Editing a Life

The New Old Age blog in The New York Times takes yet another look at the downsizing process in later life. Clearly, the quantity and frequency of media attention related to this aspect of aging surprises even those of us within NASMM, the recognized professionals assisting families with senior downsizing and move management. Written in the first person, the NOA blog post is an intensely personal and intimate peek into the author’s own challenges with downsizing her mom. She accurately (and touchingly) calls it “editing a life.”

Have you thought about how this same process will play out in your life, perhaps as the adult child of an aging parent or as the older adult yourself? What stays, and what goes? In the comments area below the blog post, a reader from California offers how the things you least expect are often considered the most valuable:

Things can be ungainly, useless, tacky, and without monetary value, and still be the ones that best evoke memories of a person, or of another time. Had I been allowed to choose, I would have chosen the music box my grandmother played to get me to hold still while she combed my hair. For my grandfather, I have a few of the block of wood he kept on his desk. I can’t know what mementos my children or grandchildren would choose, but I hope to give them a chance to choose for themselves.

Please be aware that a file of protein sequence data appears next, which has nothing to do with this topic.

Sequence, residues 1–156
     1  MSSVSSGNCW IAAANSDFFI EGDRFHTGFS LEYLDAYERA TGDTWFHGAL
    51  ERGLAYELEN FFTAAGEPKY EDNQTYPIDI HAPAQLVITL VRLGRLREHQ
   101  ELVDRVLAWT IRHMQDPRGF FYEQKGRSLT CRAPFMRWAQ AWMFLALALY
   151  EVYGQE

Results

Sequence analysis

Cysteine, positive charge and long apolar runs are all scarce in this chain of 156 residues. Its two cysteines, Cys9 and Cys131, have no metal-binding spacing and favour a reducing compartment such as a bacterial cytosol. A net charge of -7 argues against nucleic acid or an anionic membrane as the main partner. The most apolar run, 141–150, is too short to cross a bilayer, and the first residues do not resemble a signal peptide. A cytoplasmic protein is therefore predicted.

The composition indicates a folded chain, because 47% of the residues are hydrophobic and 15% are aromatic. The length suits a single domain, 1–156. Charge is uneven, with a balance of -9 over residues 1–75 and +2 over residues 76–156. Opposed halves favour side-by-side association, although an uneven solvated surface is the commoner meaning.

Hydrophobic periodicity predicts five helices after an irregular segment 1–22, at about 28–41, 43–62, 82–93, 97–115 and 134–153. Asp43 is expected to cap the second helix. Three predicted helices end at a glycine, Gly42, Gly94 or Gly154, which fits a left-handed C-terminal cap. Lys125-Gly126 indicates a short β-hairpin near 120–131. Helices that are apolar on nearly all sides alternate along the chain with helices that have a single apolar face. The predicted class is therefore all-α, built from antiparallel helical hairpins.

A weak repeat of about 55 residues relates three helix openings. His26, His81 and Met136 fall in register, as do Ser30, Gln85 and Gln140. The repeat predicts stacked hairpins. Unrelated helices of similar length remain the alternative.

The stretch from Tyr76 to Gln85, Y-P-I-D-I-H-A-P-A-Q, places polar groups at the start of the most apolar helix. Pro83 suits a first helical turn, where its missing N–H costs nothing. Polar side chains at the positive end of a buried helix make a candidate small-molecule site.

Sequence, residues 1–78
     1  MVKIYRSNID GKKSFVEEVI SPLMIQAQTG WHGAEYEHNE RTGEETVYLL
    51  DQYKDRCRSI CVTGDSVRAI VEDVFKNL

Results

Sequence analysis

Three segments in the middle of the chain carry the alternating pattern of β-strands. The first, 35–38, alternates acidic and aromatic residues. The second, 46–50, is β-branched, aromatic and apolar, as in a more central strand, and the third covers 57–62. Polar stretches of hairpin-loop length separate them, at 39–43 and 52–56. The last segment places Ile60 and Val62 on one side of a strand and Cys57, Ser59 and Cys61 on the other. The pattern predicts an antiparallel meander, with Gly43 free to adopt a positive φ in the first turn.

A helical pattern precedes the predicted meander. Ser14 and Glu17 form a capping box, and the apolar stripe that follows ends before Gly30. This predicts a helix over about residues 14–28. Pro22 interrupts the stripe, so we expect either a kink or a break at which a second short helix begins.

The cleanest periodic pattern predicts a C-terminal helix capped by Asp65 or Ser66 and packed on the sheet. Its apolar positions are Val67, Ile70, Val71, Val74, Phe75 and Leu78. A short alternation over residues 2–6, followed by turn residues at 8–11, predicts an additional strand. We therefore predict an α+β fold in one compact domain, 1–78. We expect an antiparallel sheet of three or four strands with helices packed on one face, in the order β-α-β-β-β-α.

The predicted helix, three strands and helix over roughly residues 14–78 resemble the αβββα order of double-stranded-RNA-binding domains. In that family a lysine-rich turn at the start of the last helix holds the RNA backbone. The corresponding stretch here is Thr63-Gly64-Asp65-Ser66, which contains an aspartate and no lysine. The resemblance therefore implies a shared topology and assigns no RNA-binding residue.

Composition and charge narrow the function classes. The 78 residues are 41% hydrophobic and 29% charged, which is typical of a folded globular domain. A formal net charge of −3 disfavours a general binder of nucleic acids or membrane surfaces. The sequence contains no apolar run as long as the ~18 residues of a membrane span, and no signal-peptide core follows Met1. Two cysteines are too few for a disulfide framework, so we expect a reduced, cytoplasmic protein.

In considering my own cache of possessions, I’ve been pretty traditional – and have always put a high priority on family photos. (Video – not so much, as my husband and I were married in 1978, just a few years before the obligatory wedding videotaping, and our kids came of age when video cameras were huge, unwieldy machines. As a result, my husband and I chose to actually enjoy the experiences (ballet/tap recitals, Irish dancing competitions, school plays, AYSO soccer games, Babe Ruth baseball, and graduations, etc.) in real-time rather than awkwardly trying to preserve snippets for future generations.  (OK, I’m probably using the word “enjoy” rather loosely here, but you know what I mean.) Am I a bit sad we don’t have our four kids on tape more than the 5 minutes we spent taping them that first Christmas morning? No, not really.

With game-changing innovations in digital photography in the last generation, however, I confess to new pangs of envy because young parents can now capture (and crop, saturate, straighten and warmify, etc.) every moment of their children’s lives in still photography. I love all the hope and possibilities inherent in “old school” still photography (albeit with “new school” digital technology), as opposed to the raw, sloppy realism of video.  I also prefer reading fiction to non-fiction . . . hmm, do we see a pattern here?

Beyond the stack of Rubbermaid totes containing years of photos, not much else I own is truly valuable – objectively and otherwise.  I guess I like to travel lightly – photos and memories, and lots of both.

What about you? What do you want to enjoy until the end of days . . . and then leave behind for others to know you were here? Please share . . .

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